On Thursday, the dollar surged. The surge came as investors reset monetary policy expectations after the Federal Reserve reiterated that rising inflation was temporary. At the same time, the Bank of England surprised the market by leaving rates constant, sending the pound down.
The Bank of England stated that most policymakers still believed “there was utility in waiting” for more labor market data.
On Wednesday, the Fed announced a $15 billion monthly drop to its $120 billion in monthly asset purchases. However, Chair Jerome Powell said he was not in a hurry to raise borrowing prices. European Central Bank President Christine Lagarde pushed down on market expectations for a rate hike as soon as next October, saying such a move was highly improbable in 2022.
“The market has got to recalibrate itself in terms of how fast some of these major central banks may tighten policy,” said Edward Moya, senior market analyst at Oanda.
While the Fed may be slower than some of its counterparts in raising interest rates, its accommodative policy will boost economic growth, which will help the greenback. The dollar index rebounded from a low of 93.80 shortly after the Fed’s pronouncement on Wednesday.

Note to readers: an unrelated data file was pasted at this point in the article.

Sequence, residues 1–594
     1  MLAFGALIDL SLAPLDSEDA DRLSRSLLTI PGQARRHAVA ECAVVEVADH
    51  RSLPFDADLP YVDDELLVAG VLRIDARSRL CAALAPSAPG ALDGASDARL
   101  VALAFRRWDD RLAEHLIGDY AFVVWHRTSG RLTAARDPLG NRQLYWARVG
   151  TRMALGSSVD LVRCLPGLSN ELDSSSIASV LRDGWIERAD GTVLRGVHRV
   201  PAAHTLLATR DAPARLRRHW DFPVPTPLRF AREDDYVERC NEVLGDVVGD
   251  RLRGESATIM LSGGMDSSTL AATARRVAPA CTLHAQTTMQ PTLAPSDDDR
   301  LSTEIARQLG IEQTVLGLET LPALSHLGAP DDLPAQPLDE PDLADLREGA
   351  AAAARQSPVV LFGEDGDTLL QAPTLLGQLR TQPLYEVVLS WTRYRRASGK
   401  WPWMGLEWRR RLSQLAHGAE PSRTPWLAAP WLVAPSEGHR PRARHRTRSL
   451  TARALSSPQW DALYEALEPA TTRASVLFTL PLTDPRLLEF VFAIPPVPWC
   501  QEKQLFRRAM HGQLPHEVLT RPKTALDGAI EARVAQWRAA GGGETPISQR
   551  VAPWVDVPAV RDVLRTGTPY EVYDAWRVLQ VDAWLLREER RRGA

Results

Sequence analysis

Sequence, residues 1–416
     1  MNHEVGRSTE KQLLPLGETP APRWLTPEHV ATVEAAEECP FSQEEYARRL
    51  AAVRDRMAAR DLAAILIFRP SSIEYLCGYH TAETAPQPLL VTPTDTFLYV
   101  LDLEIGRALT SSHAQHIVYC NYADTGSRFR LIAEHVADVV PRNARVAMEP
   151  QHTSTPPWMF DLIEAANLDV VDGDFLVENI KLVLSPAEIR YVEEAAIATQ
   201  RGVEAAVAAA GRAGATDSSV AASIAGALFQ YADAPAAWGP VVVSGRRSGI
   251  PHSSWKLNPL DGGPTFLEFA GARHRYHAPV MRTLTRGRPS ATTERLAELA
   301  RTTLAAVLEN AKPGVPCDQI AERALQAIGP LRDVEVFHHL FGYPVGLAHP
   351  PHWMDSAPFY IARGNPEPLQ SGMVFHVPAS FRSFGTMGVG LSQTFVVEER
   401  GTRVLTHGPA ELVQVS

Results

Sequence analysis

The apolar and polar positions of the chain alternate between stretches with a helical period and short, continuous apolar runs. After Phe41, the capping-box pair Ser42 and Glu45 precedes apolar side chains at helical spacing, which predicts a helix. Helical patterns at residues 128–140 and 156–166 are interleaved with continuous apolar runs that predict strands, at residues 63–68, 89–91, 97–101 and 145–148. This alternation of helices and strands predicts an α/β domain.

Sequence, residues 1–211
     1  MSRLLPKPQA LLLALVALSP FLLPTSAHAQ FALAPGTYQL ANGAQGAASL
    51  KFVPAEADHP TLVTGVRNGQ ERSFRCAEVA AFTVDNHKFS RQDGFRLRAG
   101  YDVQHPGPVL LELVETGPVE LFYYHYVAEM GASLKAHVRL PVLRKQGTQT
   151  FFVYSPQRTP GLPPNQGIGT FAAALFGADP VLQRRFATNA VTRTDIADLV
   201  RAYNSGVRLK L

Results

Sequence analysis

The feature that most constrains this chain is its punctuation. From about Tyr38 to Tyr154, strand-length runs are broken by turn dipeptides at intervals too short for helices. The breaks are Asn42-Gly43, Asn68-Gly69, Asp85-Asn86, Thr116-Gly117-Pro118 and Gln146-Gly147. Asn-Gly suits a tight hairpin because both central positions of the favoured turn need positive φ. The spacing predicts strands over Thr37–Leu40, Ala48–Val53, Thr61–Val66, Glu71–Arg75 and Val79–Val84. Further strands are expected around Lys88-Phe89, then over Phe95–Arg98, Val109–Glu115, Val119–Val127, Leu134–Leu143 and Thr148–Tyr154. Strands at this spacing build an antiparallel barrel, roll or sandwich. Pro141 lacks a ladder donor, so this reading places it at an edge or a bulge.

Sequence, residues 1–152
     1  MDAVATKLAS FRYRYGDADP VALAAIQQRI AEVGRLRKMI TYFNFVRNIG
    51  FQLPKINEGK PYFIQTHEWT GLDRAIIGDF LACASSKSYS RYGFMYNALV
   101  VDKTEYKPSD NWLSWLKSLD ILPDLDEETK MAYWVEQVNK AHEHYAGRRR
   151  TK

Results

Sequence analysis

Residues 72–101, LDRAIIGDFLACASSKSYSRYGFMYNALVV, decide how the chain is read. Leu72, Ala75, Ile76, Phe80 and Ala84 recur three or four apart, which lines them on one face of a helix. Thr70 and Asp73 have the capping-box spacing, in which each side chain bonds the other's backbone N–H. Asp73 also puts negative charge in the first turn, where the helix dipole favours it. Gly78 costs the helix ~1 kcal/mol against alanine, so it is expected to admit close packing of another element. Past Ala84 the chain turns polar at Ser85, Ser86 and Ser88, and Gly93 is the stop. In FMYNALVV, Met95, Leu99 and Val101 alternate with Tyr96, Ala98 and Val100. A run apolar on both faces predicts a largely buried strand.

The lack of a rate drop by the Bank of England sent sterling, which had led to the dollar’s gains after the Fed, plunging. It was recently down 1.33 percent at $1.3502, its lowest level against the US dollar since Oct. 1, even as the Bank of England maintained the possibility of tighter monetary policy shortly. The Fed gave the market plenty of time to forget about tapering. They were highly effective in providing forward advice. The Bank of England, on the other hand, has been hawkish, and their failure to deliver on that hawkishness today went against market expectations,” she said.
The ECB was trailing other major central banks in tightening. Hence, the euro fell as low as $1.1528, its lowest level since Oct. 12, when the single currency hit its lowest level since late July 2020, at $1.1522. It was the last trading at $1.1546, down 0.57 percent versus the US dollar.
The Australian dollar fell 0.62 percent to $0.7402, continuing its slide from Tuesday when the Reserve Bank of Australia took a dovish stance at its essential meeting.
Bitcoin was down 2.69 percent at $61,236.61 in the cryptocurrency market, having traded sideways since hitting an all-time high above $67,000 last month.
After reaching a record high of $4,670.81 on Wednesday, Ether, the second-largest cryptocurrency, was down 2.75 percent at $4,480.34.
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